Formula 1 in the USA: Will it finally stick?


November 16th marks the restoration of the United States Grand Prix on the Formula 1 calendar. The race is held in the recently built Circuit of the Americas in Austin, Texas, which hopefully will help to enforce the sport further in America. F1 has never seemed to crack the affection of the crowds in the US. The history runs long, but is deeply wounded with misfortunes, financial troubles and the existence of national substitute sports such as NASCAR and IndyCar.

The US has never had a very spirited participation history with F1. The lack of US-based team participation and a consistent crop of American drivers have left the US crowds more familiar with racing series that involve domestic drivers and teams. NASCAR and IndyCar dominate the motorsport culture in the States, drawing more spectators to events than F1 races do.

Of further impairment is the fact that there has not been an American Grand Prix winner since Mario Andretti back in the 1970’s, who in all fairness was excellent, but his early retirement prevented to sport from truly sinking into the American motorsports domain. Furthermore, the most notable US-based team was Eagle, racing in the 1960’s having little relevance to today’s modern motorsports audience. The plans of a US F1 Team were developed and the team was expected to participate in the 2010 season, however due to a lack of financial funding the project collapsed.

Much like in Europe, the venues for the races have changed since the introduction of the sport in 1908. However, none of the venues have been very successful. The 1990 Phoenix Grand Prix was a fiasco by all standards. Being based on a street circuit, already disliked by a majority of the drivers, only 15.000 spectators showed up to the event, instead of the expected 100.000. To add insult to injury, over 75.000 people attended an ostrich race just 25 miles away from the circuit the same day.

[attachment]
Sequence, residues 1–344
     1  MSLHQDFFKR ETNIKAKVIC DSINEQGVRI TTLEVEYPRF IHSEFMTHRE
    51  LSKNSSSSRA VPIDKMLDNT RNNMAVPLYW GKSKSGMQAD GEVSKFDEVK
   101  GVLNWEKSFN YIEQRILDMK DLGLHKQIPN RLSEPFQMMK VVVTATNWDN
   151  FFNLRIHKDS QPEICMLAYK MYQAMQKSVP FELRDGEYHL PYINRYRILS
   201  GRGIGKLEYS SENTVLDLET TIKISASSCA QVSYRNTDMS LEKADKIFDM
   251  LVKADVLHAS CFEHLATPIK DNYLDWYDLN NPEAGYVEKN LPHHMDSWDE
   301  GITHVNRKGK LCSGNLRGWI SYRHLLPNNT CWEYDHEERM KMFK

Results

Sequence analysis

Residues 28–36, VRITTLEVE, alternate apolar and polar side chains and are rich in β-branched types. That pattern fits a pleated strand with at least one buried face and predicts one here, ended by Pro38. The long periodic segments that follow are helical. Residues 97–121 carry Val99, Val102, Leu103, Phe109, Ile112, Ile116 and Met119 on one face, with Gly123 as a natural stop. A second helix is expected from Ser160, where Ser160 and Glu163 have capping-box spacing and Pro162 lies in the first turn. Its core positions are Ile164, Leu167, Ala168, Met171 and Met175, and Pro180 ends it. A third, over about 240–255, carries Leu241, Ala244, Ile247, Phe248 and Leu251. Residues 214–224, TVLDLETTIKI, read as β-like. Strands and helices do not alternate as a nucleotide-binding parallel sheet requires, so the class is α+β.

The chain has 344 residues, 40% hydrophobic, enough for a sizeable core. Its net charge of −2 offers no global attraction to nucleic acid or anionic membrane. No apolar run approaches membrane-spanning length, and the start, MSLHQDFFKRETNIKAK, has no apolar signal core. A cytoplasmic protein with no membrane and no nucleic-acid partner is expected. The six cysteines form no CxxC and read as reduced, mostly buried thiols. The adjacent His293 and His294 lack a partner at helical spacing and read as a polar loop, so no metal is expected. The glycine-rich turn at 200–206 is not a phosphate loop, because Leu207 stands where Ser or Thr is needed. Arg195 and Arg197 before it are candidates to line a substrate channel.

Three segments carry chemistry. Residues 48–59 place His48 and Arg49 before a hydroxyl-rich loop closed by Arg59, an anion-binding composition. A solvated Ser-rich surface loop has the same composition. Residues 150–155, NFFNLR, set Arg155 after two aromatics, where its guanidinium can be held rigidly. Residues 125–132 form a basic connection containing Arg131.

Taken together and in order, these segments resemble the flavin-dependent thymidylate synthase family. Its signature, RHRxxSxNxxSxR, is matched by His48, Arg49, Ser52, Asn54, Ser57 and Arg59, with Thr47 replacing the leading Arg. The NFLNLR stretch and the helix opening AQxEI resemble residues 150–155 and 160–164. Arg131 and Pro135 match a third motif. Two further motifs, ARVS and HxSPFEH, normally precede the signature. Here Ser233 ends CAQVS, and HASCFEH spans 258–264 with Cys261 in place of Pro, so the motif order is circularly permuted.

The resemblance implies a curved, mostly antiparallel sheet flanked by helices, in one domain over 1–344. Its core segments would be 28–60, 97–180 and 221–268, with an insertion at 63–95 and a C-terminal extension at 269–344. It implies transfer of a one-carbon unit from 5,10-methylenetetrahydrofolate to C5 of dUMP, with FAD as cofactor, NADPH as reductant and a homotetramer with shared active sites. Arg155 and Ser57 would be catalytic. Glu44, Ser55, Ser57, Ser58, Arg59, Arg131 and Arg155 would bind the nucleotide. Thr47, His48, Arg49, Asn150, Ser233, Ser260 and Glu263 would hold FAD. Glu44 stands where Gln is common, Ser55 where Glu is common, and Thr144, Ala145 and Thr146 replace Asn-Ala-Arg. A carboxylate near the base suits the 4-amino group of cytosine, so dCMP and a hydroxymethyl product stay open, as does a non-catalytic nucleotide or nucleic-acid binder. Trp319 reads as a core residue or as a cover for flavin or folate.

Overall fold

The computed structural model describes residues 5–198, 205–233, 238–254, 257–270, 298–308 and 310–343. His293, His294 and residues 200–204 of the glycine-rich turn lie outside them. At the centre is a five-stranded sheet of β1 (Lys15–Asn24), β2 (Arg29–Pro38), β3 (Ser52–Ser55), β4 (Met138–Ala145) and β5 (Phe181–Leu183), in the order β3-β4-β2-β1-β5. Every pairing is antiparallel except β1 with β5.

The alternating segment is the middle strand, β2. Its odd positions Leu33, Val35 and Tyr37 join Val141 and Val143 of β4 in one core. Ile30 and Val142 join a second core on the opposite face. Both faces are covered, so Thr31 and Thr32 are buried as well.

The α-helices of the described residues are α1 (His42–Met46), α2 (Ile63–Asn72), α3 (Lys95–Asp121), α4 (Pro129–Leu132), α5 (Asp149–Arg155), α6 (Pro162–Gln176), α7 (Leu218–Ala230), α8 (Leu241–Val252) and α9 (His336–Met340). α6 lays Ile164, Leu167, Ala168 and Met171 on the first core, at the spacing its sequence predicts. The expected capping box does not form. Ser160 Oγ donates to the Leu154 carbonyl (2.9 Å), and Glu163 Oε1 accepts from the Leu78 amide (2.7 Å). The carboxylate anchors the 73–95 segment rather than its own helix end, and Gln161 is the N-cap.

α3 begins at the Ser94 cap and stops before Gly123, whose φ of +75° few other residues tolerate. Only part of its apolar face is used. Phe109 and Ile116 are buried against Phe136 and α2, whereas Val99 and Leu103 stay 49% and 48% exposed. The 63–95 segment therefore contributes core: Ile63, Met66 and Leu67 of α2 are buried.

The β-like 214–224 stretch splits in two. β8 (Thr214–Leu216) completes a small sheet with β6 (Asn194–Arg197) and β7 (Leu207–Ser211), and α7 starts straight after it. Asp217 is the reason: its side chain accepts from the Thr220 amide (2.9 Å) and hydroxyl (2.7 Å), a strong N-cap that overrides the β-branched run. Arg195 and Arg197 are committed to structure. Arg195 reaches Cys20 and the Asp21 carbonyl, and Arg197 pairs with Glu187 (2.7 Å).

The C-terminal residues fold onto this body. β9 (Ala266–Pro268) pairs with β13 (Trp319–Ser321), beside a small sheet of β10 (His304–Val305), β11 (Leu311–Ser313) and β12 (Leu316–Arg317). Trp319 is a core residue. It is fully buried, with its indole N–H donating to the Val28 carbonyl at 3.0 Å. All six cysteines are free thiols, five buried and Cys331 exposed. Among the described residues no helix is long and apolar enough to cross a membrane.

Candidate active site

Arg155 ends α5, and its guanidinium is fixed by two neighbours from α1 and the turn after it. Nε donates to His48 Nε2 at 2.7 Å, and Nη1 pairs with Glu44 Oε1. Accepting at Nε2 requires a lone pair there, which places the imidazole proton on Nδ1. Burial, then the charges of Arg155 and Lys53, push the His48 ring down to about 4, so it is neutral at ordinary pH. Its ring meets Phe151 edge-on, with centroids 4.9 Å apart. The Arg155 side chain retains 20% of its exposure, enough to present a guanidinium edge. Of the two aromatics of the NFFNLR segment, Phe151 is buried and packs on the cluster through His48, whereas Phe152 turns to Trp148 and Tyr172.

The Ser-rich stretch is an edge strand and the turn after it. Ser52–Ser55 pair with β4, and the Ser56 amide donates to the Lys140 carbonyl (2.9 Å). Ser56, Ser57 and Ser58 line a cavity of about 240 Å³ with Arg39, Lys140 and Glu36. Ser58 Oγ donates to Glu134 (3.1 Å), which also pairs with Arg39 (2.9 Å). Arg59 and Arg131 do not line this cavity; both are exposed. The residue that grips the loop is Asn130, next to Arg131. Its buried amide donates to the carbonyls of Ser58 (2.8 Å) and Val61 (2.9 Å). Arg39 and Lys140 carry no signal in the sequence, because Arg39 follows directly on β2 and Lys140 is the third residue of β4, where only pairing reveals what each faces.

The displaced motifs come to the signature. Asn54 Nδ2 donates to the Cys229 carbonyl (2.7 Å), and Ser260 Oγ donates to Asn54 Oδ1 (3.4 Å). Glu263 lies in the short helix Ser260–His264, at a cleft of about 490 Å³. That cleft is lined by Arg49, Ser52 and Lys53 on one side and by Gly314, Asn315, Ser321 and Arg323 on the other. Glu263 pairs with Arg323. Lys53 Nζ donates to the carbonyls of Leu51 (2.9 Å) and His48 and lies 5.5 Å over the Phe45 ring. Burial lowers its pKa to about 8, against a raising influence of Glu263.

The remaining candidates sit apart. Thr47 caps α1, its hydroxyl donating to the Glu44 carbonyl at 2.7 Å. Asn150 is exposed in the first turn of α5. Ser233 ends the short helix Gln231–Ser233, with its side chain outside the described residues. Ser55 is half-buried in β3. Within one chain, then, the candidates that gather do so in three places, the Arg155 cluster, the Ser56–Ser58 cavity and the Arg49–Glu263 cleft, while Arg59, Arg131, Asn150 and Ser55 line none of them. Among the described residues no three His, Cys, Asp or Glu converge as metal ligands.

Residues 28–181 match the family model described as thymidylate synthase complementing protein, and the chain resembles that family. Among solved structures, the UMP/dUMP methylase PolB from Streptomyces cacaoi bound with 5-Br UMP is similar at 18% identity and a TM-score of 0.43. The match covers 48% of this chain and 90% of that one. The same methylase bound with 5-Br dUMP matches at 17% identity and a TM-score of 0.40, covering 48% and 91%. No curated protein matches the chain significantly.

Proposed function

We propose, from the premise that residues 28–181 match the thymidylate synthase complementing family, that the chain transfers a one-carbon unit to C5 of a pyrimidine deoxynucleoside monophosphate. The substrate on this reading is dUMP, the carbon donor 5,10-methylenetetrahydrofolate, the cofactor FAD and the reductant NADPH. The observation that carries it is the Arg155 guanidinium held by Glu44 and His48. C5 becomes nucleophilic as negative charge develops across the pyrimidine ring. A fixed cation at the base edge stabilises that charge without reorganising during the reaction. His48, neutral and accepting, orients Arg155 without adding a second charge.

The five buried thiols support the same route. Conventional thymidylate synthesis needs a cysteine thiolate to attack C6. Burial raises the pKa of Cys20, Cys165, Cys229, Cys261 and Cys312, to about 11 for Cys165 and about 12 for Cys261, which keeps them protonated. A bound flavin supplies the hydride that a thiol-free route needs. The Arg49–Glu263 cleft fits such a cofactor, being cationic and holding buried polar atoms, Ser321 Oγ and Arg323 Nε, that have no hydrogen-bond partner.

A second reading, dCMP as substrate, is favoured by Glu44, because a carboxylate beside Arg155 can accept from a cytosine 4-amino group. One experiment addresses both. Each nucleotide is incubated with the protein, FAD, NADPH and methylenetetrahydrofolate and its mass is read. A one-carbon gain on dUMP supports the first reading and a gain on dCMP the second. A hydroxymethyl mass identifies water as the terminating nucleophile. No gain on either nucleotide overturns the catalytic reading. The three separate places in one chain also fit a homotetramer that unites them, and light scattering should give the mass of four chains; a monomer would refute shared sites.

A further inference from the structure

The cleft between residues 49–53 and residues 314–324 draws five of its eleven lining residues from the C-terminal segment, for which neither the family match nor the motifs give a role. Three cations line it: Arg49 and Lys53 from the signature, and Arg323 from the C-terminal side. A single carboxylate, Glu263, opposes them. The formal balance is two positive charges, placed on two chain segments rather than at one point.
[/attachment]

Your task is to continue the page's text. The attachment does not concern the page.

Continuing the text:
The Indianapolis Grand Prix was aimed to rectify all this. Based on the legendary Indianapolis Motor Speedway, home to NASCAR and Indy500 the track was familiar with the spectators and was perfect for raising the attention of businesses and fans alike. Record numbers of spectators attended the races and the racing was successful between 2000-2005, however the 2005 season race was a PR catastrophe which diminished the newly established reputation of the sport. Michelin, the partial tire provider for the event (Bridgestone being the other one) concluded that it’s tires would not be able to handle the high-speed Turn 13 of the track, arguing that they would put the drivers at risk. The race was run with only six cars racing, leaving the fans stupefied of what had happened. The fans filed lawsuits and demanded compensation. The 2005 US Grand Prix isolated the American fan even further from the sport, and by 2007 the US Grand Prix was over.

Financial difficulties have shadowed the US F1 racing history. Such was the case with the Austin circuit, however after some pressure from Ecclestone the track was built, and what a track it is.

The track designer Hermann Tilke has ensured that the spectators, for the most part, are able to see large chunks of the race track from the carefully placed grandstands able to seat 0ver 120,000. A further 900 acres of land surrounding the race track has been utilized for the same purpose.

The track itself has massive elevation changes up to 40 meters. Turn 1 of the track is expected to be the signature turn, comprising a long straight leading to an uphill with a first gear left hand turn. The rest of the track pays homage to the greats around the world, such as Silverstone and Hockenheim.

The relatively long straights conjoined by medium to tight-end corners beg the question of what set-up strategy teams will choose, especially Red Bull. Vettel was forced to start at the end of the grid in the Abu Dhabi GP, due to failure to comply with fuel regulations. The team decided to change the set up the car to have longer gear ratios. Red Bull’s general strategy has revolved around shorter gear ratios, allowing faster acceleration and more speed out of the corners, enabling them to grab pole positions in the qualifications and then stir away from the pack in the beginning of the race and avoid the DRS zones. However, as Vettel’s heroic climb to third position proved, longer gear ratios have advantages.

Guessing aside, the racing in Austin should be entertaining by all means. Alonso’s troublesome fight to keep up with Vettel’s incredible pace will by no doubt be seen in the States and this will hopefully sparkle further interest from the American fans.

With only two races to go, what everyone seems to be hoping for is a classic battle-royale in Brazil to decide the World Champion, between Vettel and Alonso. This would serve justice to a riveting season and build up the atmosphere for the next one.


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